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Sunday, November 10, 2013

Ex-prosecutor jailed for 10 days for withholding evidence after sending innocent man to prison for 25 years

Prosecutorial overreach story du jour - it's the first time in history a prosecutor has been jailed for withholding evidence. Not nearly enough, is it?

A former Texas district attorney agreed Friday to serve 10 days in jail for withholding evidence that could have stopped an innocent man from going to prison for nearly 25 years — apparently the first time a prosecutor has been sent to jail for concealing evidence helpful to the defense.

Former Williamson County District Attorney Ken Anderson agreed to a plea deal that will also require him to pay a $500 fine and complete 500 hours of community service after state District Judge Kelly Moore found him in contempt of court for telling a trial judge in 1987 that he had no exculpatory evidence to hand over to lawyers for Michael Morton, whose conviction in his wife's death was overturned in 2011.

Charges of tampering with evidence — which could have meant 10 years in prison — were dropped as part of the deal, under which Anderson will be disbarred.

Prosecutors are required by law to share any evidence they collect that could help the defense. But Anderson withheld two critical facts in his prosecution of Morton: that witnesses reported seeing a man park a green van nearby and walk into the woods near the Mortons' house and that Morton's 3-year-old son specifically said Morton wasn't at the scene. 
Michael Morton spent nearly 25 years in prison
after being convicted in his wife's beating death.

Morton was released from prison two years ago, when new DNA evidence proved his innocence. In March, a drifter named Mark Alan Norwood was convicted of beating Christine Morton to death her in bed based on the same evidence.

Michael Morton was in court for the hearing Friday in Georgetown. 

"My number one motivating factor here is that what happened to me will not happen to you," he said, addressing Anderson. "And by what happened today, we've succeeded."

Gerald Goldstein, an attorney for the Innocence Project, a nonprofit legal clinic affiliated with the Yeshiva University Law School, said Anderson's sentence, however brief, was precedent-shattering.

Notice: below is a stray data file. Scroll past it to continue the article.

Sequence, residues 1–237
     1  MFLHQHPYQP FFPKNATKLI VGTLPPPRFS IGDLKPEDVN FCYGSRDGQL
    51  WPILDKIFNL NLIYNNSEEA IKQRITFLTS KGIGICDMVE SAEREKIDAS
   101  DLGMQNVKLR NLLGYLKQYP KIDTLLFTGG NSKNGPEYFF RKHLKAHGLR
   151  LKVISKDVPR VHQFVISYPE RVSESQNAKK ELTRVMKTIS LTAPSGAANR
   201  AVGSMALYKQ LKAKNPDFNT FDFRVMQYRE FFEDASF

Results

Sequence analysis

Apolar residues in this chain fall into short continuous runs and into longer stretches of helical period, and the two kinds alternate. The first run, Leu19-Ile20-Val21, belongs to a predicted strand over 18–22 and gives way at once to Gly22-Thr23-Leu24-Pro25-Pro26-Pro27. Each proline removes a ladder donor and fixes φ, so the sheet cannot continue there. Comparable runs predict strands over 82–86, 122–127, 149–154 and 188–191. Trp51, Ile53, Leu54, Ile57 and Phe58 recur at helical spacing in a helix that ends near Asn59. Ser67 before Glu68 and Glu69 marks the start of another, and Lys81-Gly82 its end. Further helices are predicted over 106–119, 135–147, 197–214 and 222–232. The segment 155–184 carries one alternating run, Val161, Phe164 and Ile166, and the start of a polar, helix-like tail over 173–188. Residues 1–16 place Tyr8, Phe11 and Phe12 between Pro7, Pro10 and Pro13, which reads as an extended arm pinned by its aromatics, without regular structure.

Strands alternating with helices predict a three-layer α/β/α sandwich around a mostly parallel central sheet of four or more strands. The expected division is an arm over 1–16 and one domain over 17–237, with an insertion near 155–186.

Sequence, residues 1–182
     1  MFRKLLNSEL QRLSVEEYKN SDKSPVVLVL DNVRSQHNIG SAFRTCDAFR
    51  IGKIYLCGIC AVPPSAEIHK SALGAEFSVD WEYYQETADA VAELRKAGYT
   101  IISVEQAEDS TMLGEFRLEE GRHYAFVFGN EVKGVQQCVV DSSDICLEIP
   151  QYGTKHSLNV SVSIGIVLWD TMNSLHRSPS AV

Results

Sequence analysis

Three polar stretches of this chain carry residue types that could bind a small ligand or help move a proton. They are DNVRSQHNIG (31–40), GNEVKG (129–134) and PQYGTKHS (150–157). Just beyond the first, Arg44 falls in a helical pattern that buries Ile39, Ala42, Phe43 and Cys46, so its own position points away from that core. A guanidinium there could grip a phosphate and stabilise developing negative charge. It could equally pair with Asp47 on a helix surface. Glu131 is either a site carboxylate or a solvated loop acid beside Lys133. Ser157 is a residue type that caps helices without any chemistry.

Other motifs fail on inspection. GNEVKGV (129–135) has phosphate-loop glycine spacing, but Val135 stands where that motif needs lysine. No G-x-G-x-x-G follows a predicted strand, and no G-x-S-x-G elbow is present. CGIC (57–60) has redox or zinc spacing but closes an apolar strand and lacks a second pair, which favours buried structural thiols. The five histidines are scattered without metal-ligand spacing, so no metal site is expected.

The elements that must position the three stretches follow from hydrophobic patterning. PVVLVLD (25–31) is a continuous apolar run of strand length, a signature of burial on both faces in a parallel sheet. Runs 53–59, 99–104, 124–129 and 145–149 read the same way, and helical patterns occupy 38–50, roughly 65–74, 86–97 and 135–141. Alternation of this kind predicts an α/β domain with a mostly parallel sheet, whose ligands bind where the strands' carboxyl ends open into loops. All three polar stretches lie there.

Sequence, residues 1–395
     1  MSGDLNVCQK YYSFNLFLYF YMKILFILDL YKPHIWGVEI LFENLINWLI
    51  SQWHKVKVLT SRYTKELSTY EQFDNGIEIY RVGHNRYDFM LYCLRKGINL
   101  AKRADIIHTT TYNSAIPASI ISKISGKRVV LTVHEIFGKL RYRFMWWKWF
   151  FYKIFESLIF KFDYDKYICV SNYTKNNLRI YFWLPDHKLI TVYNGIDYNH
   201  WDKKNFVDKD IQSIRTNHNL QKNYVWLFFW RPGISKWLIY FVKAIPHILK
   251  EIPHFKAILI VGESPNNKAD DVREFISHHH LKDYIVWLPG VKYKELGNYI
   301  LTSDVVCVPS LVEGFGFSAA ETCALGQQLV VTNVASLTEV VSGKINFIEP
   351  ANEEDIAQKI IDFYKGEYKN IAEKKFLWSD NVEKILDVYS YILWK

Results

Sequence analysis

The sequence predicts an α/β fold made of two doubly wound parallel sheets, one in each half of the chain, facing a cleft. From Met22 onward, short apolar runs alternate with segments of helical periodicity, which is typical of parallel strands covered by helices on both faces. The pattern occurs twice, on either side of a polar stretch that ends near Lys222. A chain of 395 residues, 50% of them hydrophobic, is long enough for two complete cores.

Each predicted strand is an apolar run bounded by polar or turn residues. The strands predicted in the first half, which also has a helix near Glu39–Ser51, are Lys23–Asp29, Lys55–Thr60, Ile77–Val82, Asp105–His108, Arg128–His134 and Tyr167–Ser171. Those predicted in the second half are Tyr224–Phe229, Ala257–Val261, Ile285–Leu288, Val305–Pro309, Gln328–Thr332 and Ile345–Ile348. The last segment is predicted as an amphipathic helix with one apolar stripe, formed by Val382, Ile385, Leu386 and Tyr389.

Gerald Goldstein, an attorney for the Innocence Project, a nonprofit legal clinic affiliated with the Yeshiva University Law School, said Anderson's sentence, however brief, was precedent-shattering.

"This is the first time in the country's history that a prosecutor has been found guilty of criminal contempt, will go to jail and be stripped of their law license," Goldstein told NBC station KXAN of Austin.

3 comments:

  1. Ten whole days? And lost his license? Stern stuff indeed, when compared to 25 years in jail.

    You would think the automatic sentence would be EXACTLY the amount of time the guy he railroaded had already served. Brings a whole new meaning to being sentenced to time served.

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  2. 10 days in jail. But it's not like he ruined the life of anyone important, a senator or celebrity or someone who went to school with Michele Obama. Just some prole.

    This is how our masters live. One day we will put them all against a wall.

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  3. Storm Saxon's Gall BladderNovember 12, 2013 at 9:39 AM

    Mister Anderson runs for public office. I wonder how many votes were actually gained by one more conviction on his resume, how many votes are worth 25 years of someone else's life. Five hundred hours of community service indicates a year of your freedom is worth twenty hours of His weekend golf time. Thirty Months of your incarceration is worth one day of His. Mister Morton should be honoured that such a worthy lawyer even deigned to notice such a lowly peasant.

    Where, exactly, will Mister Anderson be serving this community service time?

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